Origin: English Period: Early/Mid 20thC Provenance: Unknown Date: c.1930 Height: 65” or 54” lowered Width: 22.5” Depth: 22.5”
The tubular metal and steel permanent wave machine in black paint, with an art deco inspired pedestal column to tripod legs with wheels to avoid pick-up of hair from the salon floor, the adjustable central pole to a chandelier type ring with a myriad of Bakelite clamp attachments, the base with makers name for Eugene Ltd, switches and plaque, the whole surviving from early 1930s England.
The condition of the lamp is simply as found, we have not cleaned or re-arranged the wiring, simply delighting in its abandoned aura.
The first person to produce a practical thermal method was Marcel Grateau in 1872. By 1930, the process of permanent-waving was well established and its importance can be gauged if one considers that the majority of middle-class women, at a rough estimate, had their hair set once a week and permed perhaps once every three months as new hair replaced the waved hair.
Eugene Suter was a Swiss immigrant who set up a fashionable ladies' salon in London's West End. He claimed to have come from Paris, which in those days was the center of fashion and style. He became aware of the possibilities of electrical permanent waving particularly when shorter hair allowed the design of smaller equipment. The system had two parts; one was the electric heater and the other was the system of winding and holding the hair on a form which was inserted into a heater. Sutter tried to design a heater, but was unsuccessful.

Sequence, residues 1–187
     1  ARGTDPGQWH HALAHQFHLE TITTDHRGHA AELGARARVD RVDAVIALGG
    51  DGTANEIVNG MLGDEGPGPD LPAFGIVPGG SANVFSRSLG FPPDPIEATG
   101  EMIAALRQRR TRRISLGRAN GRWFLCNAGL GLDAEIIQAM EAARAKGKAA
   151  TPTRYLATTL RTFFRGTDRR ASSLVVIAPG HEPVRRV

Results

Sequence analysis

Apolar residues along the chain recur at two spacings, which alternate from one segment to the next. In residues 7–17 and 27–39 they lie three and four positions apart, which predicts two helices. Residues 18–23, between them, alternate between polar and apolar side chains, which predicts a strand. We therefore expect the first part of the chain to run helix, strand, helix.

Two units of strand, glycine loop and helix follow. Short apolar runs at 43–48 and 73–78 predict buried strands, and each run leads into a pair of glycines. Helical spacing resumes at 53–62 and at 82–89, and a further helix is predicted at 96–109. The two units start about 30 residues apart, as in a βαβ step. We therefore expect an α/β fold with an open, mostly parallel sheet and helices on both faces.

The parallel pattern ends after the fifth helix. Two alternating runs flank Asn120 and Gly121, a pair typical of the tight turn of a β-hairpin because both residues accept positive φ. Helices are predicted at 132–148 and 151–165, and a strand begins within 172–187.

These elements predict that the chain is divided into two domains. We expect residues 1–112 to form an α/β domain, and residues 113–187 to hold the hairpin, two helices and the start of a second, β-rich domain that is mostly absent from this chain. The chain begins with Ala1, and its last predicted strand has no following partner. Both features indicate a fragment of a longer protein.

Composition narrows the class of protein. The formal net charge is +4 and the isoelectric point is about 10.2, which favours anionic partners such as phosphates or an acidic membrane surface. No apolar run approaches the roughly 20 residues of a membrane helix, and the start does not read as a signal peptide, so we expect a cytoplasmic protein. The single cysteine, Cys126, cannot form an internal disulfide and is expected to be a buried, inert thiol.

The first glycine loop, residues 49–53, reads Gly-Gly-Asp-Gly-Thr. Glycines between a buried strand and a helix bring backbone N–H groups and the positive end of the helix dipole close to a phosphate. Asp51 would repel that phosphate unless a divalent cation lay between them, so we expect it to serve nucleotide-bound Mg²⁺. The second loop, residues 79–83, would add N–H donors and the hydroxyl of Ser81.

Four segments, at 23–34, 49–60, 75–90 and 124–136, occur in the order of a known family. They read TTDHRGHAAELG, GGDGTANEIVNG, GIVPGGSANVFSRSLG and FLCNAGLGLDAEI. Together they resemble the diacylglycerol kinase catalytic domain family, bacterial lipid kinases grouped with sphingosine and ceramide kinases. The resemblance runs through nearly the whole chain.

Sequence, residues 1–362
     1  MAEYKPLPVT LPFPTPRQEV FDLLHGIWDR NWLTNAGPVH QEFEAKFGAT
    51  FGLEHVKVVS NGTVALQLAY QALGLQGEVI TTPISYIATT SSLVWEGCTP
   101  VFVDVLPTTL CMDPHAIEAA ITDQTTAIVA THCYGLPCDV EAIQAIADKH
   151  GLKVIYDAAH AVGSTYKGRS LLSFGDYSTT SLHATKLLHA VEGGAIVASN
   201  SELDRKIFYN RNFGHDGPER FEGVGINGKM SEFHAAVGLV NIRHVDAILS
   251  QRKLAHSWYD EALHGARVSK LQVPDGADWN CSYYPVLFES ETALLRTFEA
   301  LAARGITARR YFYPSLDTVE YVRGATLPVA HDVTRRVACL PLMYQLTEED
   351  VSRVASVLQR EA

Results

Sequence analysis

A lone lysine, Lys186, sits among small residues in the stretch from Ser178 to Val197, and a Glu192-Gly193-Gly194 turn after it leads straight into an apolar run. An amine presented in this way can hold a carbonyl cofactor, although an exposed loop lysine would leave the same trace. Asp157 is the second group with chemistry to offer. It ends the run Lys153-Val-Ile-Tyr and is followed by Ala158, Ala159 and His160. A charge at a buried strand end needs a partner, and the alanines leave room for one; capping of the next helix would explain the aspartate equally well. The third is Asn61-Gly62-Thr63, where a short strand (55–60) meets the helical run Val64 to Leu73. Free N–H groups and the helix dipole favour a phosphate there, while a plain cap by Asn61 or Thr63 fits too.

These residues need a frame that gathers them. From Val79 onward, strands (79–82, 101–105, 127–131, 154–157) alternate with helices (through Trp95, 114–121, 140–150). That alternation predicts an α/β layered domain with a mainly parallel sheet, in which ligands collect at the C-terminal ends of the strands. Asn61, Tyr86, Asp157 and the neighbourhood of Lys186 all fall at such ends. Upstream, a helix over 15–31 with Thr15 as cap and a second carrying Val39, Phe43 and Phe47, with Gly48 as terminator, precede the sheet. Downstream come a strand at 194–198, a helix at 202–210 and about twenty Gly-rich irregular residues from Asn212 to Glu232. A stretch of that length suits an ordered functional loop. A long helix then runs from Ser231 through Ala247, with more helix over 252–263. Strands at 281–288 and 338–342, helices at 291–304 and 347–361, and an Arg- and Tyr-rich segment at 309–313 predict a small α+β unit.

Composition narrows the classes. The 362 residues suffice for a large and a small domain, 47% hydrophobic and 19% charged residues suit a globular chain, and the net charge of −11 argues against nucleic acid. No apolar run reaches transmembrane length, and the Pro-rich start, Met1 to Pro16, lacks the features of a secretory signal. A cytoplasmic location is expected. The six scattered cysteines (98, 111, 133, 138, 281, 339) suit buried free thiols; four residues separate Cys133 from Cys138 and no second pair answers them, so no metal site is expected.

Isidoro Calvete was a Spanish immigrant who set up a workshop for the repair and manufacture of electrical equipment in the same area of London in 1917. This equipment was just coming into use for the hairdressing and medical professions. Sutter consulted him on the heater and Calvete designed a practical model consisting of two windings inserted into an aluminium tube. This ensured that when inserted over a root winding, the thicker hair nearer to the root became hotter than the thinner hair at the end. Sutter patented the design in his own name and for the next 12 years ordered all his hairdressing equipment from Calvete but marketed under his commercial name, Eugene Ltd, which became synonymous with permanent waving throughout the world.
With the outbreak of World War II in 1939, all production of such equipment stopped in Europe and hardly recovered afterwards, being replaced either by home heater kits or cold-waving methods. Eugene Ltd finally turned in to Suter Electrical in the 1970’s which in 1995 became REM the name everybody knows for fine salon furniture and equipment.
The chandelier-style machines may have been effective, but their aesthetics were a bit much for some. In his 1936 book Keep Your Hair On: The Care of the Hair and Scalp, Oscar Levin referred to the permanent wave machine as a “terrifying apparatus.”
We see this obsolete piece of equipment as a sculpture; simply stand in a corner of a room and watch it change the dynamic.